OKAY, let’s get the (explanatory) blonde joke out of the way.
“This blonde girl asked me what ‘IDK’ stood for. I said I don’t know. She said, ‘OMG, no one seems to.'”
She was, of course, right about a lot of things. If there were a Medieval map of the Internet, vast areas would be marked “IDK” for voids and “Here There Be Dragons” for misinformation. We don’t know a lot of things.
But don’t blame the Internet. History is riddled with gaps and untruths, eye witnesses get it wrong and experts grind their own axes. We never really knew all the facts. The problem is that now the Internet is widely accepted as the fact-checker. The Encyclopedia Britannica has been replaced by Wikis.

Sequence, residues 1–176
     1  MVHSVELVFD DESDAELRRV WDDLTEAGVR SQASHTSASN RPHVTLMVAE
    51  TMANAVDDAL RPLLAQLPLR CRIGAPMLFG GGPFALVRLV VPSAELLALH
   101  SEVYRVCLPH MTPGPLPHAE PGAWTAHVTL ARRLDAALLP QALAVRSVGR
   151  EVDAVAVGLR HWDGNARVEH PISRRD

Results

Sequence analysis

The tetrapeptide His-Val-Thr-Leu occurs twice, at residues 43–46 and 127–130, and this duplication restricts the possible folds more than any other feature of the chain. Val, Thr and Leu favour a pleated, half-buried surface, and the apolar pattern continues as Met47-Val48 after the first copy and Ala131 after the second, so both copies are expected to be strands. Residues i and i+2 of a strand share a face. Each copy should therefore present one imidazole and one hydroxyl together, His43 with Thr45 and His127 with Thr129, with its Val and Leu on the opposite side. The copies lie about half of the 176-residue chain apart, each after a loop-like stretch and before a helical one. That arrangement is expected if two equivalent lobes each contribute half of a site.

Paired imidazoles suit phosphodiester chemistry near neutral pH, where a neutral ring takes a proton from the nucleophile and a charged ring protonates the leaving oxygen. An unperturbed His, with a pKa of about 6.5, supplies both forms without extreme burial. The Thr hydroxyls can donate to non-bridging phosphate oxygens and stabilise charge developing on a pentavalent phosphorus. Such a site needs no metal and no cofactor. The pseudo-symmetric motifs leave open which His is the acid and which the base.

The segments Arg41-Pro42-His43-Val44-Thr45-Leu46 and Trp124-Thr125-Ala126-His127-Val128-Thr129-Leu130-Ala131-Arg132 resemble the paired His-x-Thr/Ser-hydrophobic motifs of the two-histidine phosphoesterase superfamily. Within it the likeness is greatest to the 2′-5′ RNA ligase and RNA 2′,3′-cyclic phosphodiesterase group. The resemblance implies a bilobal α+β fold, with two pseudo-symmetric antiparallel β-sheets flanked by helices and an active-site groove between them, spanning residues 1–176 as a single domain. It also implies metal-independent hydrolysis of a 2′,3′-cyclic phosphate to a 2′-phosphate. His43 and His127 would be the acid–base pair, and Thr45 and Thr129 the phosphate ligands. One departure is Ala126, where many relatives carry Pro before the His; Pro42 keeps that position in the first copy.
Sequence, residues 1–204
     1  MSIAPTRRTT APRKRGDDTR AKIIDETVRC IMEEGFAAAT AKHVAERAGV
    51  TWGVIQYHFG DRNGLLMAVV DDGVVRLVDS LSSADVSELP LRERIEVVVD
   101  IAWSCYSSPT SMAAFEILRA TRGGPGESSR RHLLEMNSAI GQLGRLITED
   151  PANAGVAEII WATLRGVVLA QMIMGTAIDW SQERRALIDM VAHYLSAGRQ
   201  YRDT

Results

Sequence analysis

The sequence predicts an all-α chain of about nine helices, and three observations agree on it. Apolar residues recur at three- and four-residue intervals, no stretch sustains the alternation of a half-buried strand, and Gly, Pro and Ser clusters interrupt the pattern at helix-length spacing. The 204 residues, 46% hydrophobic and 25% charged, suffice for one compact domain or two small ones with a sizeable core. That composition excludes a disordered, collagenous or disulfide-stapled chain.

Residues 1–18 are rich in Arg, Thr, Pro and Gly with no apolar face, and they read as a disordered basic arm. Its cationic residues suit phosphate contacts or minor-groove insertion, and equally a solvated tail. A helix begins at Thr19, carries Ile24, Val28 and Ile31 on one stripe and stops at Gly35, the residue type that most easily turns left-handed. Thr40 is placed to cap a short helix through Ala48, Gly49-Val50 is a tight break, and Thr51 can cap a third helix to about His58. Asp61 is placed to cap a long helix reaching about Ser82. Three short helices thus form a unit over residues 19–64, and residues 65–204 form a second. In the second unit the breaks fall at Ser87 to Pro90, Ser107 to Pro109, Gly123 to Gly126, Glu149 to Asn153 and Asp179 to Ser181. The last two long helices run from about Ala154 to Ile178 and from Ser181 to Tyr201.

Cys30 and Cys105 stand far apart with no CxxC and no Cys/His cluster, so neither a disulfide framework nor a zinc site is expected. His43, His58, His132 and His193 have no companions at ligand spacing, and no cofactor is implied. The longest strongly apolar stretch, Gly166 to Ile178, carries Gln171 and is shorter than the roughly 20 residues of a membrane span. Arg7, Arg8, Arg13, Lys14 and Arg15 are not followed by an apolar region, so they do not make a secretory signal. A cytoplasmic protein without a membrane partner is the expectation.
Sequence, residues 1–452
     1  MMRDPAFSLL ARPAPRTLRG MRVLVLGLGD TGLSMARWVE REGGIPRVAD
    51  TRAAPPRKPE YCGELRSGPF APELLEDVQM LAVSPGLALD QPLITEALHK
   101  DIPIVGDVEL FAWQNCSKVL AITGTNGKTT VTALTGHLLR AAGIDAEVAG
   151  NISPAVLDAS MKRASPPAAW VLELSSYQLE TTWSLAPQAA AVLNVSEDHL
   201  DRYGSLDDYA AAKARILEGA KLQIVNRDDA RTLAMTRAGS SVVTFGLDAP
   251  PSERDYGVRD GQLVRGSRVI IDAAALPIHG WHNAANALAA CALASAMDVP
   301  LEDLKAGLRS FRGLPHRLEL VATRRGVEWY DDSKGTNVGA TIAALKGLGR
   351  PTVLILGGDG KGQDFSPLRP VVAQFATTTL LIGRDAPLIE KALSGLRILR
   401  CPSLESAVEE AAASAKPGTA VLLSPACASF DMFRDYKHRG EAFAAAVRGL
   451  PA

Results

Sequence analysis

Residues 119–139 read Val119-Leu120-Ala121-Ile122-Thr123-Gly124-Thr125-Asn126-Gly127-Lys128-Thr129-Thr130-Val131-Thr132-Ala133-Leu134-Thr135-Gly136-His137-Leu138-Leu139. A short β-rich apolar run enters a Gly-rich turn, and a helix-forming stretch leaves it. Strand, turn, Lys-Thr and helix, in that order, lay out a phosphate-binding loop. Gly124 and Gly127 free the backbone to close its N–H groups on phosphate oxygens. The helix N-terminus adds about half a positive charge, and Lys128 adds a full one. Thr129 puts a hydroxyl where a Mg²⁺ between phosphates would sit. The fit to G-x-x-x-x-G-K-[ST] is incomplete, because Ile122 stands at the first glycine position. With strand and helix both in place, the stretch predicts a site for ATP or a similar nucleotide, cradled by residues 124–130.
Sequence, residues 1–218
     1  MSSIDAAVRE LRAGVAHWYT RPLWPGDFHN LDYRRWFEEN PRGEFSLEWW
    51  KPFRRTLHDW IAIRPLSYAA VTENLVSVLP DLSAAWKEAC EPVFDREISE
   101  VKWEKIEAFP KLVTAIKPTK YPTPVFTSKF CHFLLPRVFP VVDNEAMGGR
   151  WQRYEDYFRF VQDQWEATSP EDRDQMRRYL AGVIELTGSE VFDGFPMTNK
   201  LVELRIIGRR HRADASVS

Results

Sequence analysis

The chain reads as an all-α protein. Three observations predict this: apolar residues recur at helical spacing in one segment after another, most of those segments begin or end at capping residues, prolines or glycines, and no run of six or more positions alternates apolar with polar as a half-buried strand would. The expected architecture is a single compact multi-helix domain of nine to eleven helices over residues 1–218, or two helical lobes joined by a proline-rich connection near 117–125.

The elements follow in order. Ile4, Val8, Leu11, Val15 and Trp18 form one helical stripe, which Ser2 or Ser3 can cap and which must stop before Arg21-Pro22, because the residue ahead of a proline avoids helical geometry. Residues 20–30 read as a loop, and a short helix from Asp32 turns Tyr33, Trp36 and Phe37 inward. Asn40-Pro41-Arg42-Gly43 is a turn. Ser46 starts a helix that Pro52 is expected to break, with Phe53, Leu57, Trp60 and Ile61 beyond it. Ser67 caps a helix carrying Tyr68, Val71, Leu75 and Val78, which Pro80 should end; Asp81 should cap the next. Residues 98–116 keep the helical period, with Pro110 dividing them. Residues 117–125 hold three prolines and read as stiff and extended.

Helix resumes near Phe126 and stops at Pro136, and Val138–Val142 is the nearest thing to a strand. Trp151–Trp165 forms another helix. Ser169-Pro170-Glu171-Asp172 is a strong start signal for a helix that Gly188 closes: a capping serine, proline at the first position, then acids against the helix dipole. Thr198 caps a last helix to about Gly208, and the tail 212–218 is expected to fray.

Not that this matters so much to creative writers. We seek truth, not facts. Information changes but truth only varies within the constancies of human behavior. The great themes of literature haven’t changed since Enheduanna wrote about lovers among the reeds along the Euphrates River thousands of years ago. Only the settings change, like the scene in time travel movies where the traveler remains fixed against a background of civilizations changing, falling and rising. Aren’t unchanging human truths what really matter?
We need facts to anchor our fiction. Do our “facts” have to agree with what readers find on the Internet?
I don’t know. I’m a writer. I make stuff up.